Tuesday, June 28, 2011

A Follow Up

Tam had this comment today, which led me to expound on things a bit.  Whenever I get really long, I turn the comment into a post, so let me go there. 
So "Ha ha ha! Dumb democrats living in a city below sea level in hurricane alley!"

But "Ooh, evil democrats trying to chase brave republicans out of bottomland that everybody before 1960 had the common sense not to farm or build on!"

Anybody who'd buy bottomland that's only protected from flooding by a pile of dirt that was stacked up by the government deserves a good soaking.
Interesting set of quotes, but not where I'm coming from. 

I'm unabashedly in favor of farming, mining, and manufacturing as the ways to create real wealth.  The problem isn't that the fed.gov put down piles of dirt - I'm sure they're not the first group to try and tame the Missouri; that was probably an indigenous tribe.  The problem is really bad management of the river.  Bad river management means that higher food prices are coming.

There's almost a "perfect storm" of things around the world that are combining to push up food prices. 

A couple of those things are the apparent mismanagement of the spring thaw/flood season on the Missouri and Mississippi rivers, and the tendency to put environmental concerns ahead of human concerns.  It's being widely reported that the corps of engineers mismanaged the situation.  The corps was warned early in the season to open flood gates and not let the land flood so badly.  If true, they're responsible for ruining people's houses and property, along with destroying farm lands.

Other things that are coming together to force food prices up are weather problems around the world, and the political groups that are dedicated to putting concerns for humans on the bottom of any priority system. 

The ugly truth is that anything the causes drastic increases in food prices kills people on the margins.  Not just the ACOE, but also insane decisions like giving incentives to take food and turn it into fuel (corn ethanol), which is blamed in part for the riots in the "Arab Spring", and lots of deaths.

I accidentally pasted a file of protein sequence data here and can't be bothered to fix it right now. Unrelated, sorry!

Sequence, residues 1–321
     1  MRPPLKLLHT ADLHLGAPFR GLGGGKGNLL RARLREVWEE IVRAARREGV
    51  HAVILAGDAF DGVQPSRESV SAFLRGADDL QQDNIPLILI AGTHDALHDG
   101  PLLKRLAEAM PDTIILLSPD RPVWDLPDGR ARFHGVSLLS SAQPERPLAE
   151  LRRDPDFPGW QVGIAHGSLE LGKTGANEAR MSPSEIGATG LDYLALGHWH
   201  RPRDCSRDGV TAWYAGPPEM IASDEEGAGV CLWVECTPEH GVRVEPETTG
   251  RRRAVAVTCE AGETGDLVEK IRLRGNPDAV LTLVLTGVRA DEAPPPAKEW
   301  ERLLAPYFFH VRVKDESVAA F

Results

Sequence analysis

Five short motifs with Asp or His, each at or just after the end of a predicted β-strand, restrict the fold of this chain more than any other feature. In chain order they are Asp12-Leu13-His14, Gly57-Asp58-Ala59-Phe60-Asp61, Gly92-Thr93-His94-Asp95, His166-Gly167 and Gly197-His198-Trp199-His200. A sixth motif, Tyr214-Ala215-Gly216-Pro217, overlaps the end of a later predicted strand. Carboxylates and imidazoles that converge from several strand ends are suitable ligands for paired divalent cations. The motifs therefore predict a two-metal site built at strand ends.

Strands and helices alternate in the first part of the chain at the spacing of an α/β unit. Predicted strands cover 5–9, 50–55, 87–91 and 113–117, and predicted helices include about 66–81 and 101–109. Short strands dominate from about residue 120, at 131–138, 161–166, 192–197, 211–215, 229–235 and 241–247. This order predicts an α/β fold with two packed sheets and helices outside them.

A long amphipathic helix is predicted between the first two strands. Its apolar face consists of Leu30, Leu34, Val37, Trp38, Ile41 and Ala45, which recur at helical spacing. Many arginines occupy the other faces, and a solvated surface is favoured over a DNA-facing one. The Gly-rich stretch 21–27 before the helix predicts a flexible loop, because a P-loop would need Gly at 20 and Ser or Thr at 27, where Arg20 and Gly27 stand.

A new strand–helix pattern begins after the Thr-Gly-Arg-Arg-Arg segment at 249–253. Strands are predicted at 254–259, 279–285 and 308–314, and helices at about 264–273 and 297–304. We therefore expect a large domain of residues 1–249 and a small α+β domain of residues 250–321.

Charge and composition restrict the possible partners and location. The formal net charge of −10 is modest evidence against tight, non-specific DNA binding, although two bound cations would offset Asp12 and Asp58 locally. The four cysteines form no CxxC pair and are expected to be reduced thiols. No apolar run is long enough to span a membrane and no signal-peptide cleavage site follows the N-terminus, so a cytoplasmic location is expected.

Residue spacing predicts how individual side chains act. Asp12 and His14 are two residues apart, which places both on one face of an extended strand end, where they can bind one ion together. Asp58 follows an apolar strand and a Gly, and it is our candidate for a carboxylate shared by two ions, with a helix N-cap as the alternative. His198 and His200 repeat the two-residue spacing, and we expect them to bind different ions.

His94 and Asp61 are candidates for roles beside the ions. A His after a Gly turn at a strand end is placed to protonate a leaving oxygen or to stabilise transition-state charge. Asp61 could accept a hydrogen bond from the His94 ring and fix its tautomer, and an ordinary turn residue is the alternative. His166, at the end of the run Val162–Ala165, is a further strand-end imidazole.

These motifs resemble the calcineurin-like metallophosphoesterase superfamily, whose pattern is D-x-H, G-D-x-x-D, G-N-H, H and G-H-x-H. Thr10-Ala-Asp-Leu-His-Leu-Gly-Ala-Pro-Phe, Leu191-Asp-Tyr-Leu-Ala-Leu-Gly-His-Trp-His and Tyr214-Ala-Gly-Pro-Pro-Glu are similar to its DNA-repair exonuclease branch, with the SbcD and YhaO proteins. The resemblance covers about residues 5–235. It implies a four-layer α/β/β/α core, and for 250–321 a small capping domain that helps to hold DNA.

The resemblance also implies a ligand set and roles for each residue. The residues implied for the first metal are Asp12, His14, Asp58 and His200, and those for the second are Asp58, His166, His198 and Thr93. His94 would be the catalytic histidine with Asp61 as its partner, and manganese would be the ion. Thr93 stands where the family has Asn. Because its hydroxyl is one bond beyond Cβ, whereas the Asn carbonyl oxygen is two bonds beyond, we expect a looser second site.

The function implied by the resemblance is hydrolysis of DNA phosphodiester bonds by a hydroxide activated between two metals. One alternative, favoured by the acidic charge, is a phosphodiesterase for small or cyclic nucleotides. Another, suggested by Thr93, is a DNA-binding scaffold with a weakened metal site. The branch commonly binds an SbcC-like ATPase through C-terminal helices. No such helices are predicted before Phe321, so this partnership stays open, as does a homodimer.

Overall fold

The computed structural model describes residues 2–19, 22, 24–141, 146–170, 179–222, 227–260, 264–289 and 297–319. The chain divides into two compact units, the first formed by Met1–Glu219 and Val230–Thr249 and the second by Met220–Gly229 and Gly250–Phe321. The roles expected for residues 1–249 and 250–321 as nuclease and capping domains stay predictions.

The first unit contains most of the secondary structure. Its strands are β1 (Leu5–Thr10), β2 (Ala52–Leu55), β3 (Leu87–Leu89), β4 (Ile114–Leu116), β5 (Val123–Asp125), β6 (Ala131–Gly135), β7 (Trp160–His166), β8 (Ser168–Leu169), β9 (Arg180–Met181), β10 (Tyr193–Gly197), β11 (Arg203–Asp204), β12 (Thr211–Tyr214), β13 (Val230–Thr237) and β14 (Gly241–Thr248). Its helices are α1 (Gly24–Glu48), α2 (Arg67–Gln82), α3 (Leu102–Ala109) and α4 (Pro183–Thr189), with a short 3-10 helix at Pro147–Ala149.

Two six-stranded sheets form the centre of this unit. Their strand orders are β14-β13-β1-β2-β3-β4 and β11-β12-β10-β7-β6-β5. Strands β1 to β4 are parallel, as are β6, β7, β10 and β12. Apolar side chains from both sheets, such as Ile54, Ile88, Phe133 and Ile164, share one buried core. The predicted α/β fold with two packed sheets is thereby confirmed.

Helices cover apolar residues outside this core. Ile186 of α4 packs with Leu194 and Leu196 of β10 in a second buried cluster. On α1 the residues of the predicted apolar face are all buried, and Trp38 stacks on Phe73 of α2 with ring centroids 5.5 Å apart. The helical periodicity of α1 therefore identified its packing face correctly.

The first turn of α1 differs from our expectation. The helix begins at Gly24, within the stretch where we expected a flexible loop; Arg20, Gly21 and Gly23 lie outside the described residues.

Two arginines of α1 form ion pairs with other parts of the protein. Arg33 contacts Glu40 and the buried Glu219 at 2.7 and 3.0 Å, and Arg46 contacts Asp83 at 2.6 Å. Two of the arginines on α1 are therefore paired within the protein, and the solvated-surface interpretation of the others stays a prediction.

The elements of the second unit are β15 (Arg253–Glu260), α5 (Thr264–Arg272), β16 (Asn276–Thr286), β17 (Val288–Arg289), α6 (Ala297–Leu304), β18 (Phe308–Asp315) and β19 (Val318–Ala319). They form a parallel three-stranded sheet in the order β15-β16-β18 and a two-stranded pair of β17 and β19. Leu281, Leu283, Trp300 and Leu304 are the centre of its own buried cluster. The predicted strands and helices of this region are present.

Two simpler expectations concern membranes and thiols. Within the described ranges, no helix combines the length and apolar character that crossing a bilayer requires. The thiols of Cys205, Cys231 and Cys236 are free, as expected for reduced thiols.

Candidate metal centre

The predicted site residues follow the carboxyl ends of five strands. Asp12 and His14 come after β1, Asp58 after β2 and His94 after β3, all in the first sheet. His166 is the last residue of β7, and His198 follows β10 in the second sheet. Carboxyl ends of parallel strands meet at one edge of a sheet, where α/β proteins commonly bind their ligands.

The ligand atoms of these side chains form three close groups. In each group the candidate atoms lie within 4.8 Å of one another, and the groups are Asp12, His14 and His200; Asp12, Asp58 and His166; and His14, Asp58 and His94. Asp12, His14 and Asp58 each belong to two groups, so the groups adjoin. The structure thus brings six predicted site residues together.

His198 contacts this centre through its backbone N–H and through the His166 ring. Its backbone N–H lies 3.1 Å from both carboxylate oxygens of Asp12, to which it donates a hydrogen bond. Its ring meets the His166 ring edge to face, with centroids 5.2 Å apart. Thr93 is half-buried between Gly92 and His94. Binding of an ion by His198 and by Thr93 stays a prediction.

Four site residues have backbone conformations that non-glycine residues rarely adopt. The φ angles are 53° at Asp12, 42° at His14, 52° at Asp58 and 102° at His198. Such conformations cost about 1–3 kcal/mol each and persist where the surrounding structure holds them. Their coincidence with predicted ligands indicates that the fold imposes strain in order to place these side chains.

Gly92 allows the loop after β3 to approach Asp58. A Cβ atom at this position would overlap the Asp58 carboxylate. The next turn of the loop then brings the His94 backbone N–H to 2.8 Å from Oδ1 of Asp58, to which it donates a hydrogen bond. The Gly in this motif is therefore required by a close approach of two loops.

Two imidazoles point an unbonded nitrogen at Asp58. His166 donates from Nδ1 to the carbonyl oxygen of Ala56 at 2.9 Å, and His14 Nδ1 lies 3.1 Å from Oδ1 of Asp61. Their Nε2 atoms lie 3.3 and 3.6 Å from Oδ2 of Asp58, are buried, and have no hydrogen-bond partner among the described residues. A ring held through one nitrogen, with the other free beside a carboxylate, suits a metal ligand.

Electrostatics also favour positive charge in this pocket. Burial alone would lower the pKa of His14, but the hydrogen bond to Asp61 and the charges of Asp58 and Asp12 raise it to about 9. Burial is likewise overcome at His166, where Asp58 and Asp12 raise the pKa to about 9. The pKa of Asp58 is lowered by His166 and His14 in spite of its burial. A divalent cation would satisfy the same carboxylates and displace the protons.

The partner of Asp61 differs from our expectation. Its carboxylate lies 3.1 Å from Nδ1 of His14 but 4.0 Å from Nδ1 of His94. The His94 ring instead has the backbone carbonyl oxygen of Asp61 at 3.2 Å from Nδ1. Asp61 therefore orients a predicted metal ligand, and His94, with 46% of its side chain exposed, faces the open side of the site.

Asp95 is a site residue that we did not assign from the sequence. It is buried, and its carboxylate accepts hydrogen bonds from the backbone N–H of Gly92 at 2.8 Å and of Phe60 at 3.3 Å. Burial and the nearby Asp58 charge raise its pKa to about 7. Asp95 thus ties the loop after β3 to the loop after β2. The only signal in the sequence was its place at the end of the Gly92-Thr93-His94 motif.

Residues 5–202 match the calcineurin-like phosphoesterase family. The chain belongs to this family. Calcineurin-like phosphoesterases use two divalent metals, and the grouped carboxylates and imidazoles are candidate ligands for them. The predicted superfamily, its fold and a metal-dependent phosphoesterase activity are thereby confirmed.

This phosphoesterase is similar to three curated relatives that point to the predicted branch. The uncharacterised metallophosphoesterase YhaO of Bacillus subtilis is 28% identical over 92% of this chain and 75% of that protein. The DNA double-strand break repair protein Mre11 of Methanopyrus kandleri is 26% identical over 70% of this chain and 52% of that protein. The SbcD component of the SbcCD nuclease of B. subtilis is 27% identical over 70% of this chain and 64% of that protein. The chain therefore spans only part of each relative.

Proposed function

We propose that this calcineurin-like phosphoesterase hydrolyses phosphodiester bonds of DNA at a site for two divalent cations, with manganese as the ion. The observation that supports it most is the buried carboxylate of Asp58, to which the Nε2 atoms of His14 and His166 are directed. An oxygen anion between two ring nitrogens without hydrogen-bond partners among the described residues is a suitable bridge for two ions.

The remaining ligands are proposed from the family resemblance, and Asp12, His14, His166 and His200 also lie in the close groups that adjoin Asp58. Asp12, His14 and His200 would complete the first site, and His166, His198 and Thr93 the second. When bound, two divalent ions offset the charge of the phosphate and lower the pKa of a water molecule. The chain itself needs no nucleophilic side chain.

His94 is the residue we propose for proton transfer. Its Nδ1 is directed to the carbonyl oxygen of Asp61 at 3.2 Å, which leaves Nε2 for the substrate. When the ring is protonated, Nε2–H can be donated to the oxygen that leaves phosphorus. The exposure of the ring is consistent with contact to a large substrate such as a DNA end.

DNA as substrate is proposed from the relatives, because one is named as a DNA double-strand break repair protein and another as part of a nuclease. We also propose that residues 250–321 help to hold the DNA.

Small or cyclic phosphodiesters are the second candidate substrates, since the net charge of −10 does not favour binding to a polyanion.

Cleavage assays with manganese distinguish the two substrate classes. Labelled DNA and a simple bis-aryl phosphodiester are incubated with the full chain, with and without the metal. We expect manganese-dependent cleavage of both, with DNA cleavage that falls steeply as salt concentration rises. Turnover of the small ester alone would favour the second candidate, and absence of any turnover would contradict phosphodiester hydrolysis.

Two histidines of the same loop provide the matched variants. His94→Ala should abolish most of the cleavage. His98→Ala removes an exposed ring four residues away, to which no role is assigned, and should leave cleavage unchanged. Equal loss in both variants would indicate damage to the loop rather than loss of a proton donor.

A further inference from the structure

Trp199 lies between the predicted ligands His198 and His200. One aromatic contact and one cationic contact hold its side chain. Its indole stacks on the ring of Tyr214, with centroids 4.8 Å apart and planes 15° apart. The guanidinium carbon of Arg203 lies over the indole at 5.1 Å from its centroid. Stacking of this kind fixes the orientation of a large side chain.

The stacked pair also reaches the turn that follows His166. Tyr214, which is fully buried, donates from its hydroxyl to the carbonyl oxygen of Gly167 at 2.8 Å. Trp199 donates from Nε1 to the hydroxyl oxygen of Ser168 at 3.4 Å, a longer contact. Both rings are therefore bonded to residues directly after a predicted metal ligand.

Unlike the watermelon greenies, I view this as tragic.  I don't think sending mining overseas (and I include oil "mining") so that the pollution only affects "little brown people" is a good thing, as the enviro-weenies seem to.  If they don't want to harm them, why are they sending mining and farming from the most environmentally responsible places on the planet to the least responsible places? 


  1. Well, I say anything that happens to those damned Dutch in the Netherlands, they got what was coming to them. What a passel of fools to build most of a thriving nation below sea level. Who wants to trust their life to a bunch of dikes, anyway? Not to mention old windmills.

    There is, I firmly believe, a real difference between understanding there is risk, and having someone come along and deliberately destroy your livelihood. Sure, I knew my pulpwood plantation, or my Christmas tree farm was at risk from fire, even though I threw up earthworks, and/or cut a large fire break. That doesn't mean I should just bite my tongue when someone comes along and starts a bonfire on the edge of my property on a windy day.

    Add to that, as SG reminds us, the manipulations of the FDA, DoA, etc., the regulations and restrictions that remove any hope of real profit from the non-corporate farmer, and you have a travesty. One that won't only hammer the farmers involved but all of us at the market.

    As I said, it's all going according to plan. Zimbabwe figured out what to do with their farmers, and this administration certainly knows what to do with ours. ACOE was simply following orders.

    Anyone out there expect to see a "Pigford Fund" set up for these old crackers farming on the Missouri?

  2. Reg, the Dutch analogy came to my mind, too. But I think you sum it up perfectly.

    When people take on those risks, they expect Fed.gov to be an honest party. It turns out their signature isn't worth the paper it's printed on.